What is a Web Hosting?

Web Hosting is like renting space on the Internet or the web browser, its equivalent to allocating server space on the World Wide Web. Which secures your dedicated environment for your web domain. Web hosting provides a space to keep your website’s data on a server. When someone enters your domain name into their browser, this server promptly displays your site to them.

Table of Content

  • What is Web Hosting?
  • Working on Web Hosting
  • Types of Web Hosting
  • Difference Between Web Hosting and a Domain Name
  • FAQs on Web Hosting

When your website is ready with full responsiveness and great functionality then it needs a place to live. Web hosting services provide that place where we purchase a hosting plan such as Shared Hosting, Virtual Private Server (VPS) Hosting, Dedicated Hosting, and Cloud Hosting that includes providers Amazon Web Services (AWS), Google Cloud, etc., WordPress Hosting, among these GoDaddy is one of the largest and well-known web hosting provider.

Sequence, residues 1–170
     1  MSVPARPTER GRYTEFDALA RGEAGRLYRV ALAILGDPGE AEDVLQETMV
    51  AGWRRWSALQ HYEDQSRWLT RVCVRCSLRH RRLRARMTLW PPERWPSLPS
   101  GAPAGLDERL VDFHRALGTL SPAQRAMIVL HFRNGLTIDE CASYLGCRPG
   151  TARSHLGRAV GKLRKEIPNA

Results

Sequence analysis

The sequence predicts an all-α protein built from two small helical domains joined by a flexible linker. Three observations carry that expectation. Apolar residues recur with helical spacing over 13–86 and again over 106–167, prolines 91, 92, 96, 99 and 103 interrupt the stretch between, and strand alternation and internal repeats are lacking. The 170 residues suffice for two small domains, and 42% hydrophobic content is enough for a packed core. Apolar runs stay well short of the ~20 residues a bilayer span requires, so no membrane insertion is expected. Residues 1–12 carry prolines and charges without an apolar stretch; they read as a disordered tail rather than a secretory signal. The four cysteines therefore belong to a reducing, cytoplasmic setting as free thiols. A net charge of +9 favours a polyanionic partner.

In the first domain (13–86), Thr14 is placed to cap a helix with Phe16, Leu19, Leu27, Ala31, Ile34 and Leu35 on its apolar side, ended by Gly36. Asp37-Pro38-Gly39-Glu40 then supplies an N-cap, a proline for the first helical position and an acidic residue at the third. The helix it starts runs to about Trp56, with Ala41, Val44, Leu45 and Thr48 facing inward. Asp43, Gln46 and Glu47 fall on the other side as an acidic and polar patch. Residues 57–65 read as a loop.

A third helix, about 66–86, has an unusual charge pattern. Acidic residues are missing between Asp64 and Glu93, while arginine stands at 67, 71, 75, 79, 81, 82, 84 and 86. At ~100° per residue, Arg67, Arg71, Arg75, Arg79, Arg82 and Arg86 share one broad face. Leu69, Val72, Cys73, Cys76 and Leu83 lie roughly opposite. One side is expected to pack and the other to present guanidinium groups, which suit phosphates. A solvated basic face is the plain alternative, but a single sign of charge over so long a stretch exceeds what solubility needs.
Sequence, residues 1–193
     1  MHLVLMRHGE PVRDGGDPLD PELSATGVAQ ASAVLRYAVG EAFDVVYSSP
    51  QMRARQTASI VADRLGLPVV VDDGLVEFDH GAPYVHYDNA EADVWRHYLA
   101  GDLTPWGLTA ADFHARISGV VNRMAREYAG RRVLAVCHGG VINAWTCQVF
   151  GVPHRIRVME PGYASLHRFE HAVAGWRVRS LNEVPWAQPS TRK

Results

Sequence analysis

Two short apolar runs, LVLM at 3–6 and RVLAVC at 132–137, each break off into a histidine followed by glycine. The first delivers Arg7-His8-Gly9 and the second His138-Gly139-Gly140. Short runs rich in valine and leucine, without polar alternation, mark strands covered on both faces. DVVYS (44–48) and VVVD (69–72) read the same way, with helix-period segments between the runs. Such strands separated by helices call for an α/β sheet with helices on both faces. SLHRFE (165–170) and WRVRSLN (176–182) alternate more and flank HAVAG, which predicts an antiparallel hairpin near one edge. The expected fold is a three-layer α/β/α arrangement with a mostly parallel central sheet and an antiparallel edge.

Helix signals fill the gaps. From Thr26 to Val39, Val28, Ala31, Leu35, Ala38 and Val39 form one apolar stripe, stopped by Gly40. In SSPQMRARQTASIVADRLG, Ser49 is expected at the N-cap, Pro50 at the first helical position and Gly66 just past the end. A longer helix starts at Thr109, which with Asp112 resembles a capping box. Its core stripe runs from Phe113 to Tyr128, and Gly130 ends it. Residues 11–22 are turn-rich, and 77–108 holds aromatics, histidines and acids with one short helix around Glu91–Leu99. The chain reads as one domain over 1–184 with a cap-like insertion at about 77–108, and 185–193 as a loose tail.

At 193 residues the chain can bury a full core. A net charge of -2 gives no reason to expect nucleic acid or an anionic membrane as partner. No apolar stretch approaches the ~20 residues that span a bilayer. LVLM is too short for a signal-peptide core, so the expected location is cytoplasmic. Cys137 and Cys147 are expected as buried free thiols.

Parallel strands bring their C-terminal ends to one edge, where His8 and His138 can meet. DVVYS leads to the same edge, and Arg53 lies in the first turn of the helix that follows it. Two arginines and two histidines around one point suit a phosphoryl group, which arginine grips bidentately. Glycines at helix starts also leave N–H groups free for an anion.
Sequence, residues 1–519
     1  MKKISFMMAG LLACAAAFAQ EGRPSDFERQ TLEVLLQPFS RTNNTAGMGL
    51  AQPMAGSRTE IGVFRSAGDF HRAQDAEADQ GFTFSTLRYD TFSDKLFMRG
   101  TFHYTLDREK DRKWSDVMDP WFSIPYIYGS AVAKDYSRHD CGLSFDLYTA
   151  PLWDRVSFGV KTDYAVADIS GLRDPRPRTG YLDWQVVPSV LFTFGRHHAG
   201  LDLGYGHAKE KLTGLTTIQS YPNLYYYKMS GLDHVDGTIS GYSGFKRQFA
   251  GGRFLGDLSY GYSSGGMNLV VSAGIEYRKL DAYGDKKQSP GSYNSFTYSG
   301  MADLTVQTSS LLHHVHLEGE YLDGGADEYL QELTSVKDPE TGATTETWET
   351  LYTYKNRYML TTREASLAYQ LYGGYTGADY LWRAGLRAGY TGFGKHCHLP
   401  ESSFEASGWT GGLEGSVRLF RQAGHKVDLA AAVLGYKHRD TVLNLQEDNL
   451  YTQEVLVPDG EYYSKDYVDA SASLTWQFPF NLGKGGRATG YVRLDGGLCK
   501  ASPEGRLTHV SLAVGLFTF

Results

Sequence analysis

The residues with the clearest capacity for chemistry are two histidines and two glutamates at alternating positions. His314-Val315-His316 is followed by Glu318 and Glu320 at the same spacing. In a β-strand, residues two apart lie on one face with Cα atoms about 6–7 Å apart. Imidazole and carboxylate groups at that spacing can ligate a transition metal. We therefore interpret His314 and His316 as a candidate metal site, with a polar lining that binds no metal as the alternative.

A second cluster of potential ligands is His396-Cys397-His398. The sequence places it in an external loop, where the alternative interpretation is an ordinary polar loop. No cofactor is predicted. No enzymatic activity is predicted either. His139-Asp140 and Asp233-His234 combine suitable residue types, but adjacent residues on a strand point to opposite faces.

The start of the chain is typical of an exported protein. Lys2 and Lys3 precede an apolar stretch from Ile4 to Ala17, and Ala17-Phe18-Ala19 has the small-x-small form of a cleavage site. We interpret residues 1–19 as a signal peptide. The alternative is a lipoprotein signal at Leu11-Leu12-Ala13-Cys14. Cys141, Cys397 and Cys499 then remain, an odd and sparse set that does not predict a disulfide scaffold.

What is Web Hosting?

Web Hosting is the service that provides the resources to a website and the necessary technologies for a website that displays over the internet. When the user hits any request the request goes to the server. Their PC connects to the server where the website is stored, then the server sends the website’s data to the user’s computer which is displayed on the screen and allows them to view it in their web browsers. So, it’s like renting a space on a computer to store all the files and data of your website, so others can visit it online.

Working on Web Hosting

When setting up for the web hosting, it is required first to pick a unique website name and purchase it that will act as an address to your website. Once you have done this you need to choose the service provider that is needed for your site which will allocate the space on their servers. After configuring the server, you upload the website’s files and set up any necessary databases. To make your site accessible for users, you have to configure the Domain Name System (DNS) to point your domain to your hosting server’s IP address. Once the website is live and everything is set, people can visit your website by typing its name, apart from this you have to keep regular maintenance: including updates, security checks, and backups as this is crucial to ensure optimal performance and security for your website.